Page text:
London (AFP) - British interior minister Amber Rudd declared Sunday that a scandal over sexual harassment rocking the country's political circles was a "watershed moment" that was "clearing out" inappropriate behaviour.
She denied that Prime Minister Theresa May's minority government was at risk, after Michael Fallon quit as defence secretary earlier this week and as two other ministers remain under investigation for misconduct.
Rudd told BBC television that the end result of the claims was "clearing out Westminster of that sort of behaviour".
"And I think that Westminster afterwards, including the government, will be better for it," she said.
Fallon announced his resignation on Wednesday after apologising for touching a journalist's knee in 2002.
Another journalist alleged this weekend that Fallon had "lunged" at her after a lunch in 2003. She said she reported the incident to Downing Street this week, and he resigned hours later.
May's de facto deputy Damian Green meanwhile is being investigated for his own alleged inappropriate behaviour towards a journalist, which he strongly denies.
Rudd confirmed that the probe had been widened to include a newspaper report on Sunday that "extreme" pornographic material had been found on his parliamentary computer in 2008.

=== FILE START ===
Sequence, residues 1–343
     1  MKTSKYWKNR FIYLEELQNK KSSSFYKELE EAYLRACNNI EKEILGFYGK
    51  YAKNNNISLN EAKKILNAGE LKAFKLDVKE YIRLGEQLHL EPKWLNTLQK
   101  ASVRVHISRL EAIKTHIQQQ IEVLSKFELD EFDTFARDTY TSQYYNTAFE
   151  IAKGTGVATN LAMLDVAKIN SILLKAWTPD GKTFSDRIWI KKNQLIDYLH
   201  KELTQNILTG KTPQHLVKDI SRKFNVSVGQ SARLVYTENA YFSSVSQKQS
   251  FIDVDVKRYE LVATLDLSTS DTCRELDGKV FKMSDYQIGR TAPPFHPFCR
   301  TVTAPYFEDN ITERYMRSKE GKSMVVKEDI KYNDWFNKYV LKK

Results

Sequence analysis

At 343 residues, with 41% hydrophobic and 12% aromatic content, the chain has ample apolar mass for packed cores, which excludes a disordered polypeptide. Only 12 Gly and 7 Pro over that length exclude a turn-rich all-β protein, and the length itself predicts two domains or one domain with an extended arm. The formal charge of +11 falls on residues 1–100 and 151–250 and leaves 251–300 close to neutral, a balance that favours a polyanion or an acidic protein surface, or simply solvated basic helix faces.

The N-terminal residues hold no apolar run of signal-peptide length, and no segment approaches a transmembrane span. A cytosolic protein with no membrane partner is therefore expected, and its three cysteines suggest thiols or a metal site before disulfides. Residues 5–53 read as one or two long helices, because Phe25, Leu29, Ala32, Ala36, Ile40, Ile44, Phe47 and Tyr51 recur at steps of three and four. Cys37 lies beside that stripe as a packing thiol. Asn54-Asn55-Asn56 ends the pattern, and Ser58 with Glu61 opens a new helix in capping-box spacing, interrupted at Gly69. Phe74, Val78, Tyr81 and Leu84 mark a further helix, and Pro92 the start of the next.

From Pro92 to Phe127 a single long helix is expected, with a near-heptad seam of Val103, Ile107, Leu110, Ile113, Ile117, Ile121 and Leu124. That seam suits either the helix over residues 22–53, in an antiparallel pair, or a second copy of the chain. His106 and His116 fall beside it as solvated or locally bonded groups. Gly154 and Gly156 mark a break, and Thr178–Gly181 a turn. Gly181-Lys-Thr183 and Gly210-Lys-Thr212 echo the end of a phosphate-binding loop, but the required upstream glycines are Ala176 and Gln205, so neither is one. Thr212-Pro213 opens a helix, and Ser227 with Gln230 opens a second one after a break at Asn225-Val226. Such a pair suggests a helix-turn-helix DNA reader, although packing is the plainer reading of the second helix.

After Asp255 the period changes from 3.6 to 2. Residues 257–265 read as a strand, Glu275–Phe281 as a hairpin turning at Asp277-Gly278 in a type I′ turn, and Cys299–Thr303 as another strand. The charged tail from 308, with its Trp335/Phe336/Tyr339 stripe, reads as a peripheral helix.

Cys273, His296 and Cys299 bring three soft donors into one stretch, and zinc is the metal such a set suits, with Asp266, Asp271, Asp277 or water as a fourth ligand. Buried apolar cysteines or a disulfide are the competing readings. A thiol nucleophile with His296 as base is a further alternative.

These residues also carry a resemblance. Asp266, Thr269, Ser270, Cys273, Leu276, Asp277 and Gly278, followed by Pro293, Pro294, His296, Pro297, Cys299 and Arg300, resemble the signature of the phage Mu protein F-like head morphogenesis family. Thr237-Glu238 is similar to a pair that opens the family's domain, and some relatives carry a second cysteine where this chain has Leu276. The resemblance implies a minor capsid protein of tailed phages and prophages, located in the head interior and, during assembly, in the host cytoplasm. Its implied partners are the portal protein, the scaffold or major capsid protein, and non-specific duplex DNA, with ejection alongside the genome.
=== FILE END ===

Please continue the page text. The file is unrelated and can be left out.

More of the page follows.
Green, an old university friend of May's, has strongly denied the story in the Sunday Times and accused the police source behind it of trying to cause him political damage.
"I know that the Cabinet Office is going to be looking at this tomorrow along with the wider inquiry about Damian, and I do think that we shouldn't rush to allege anything until that inquiry has taken place," Rudd said.
The prime minister is also due to meet with other party leaders on Monday to discuss a new parliamentary complaints system in the wake of a wave of allegations, many involving MPs and junior staff or journalists.
On Friday, she announced a new code of conduct for her own Conservative party -- under which several MPs were referred for investigation this weekend.
That culminated on Sunday in Conservative lawmaker Chris Pincher voluntarily resigning from his role as a whip -- enforcing party discipline -- and referring himself to the party's complaints procedure and the police following allegations over his behaviour, the prime minister's office confirmed.
The move followed a report in the Mail on Sunday that Pincher was accused of making an unwanted pass at former Olympic rower and Conservative activist Alex Story.
Meanwhile, a Scottish minister resigned on Saturday after admitting his behaviour "might have made others uncomfortable", while a Welsh minister was sacked Friday following allegations about his personal conduct.
Another Conservative MP was suspended on Friday, while the opposition Labour party has also suspended one of its lawmakers.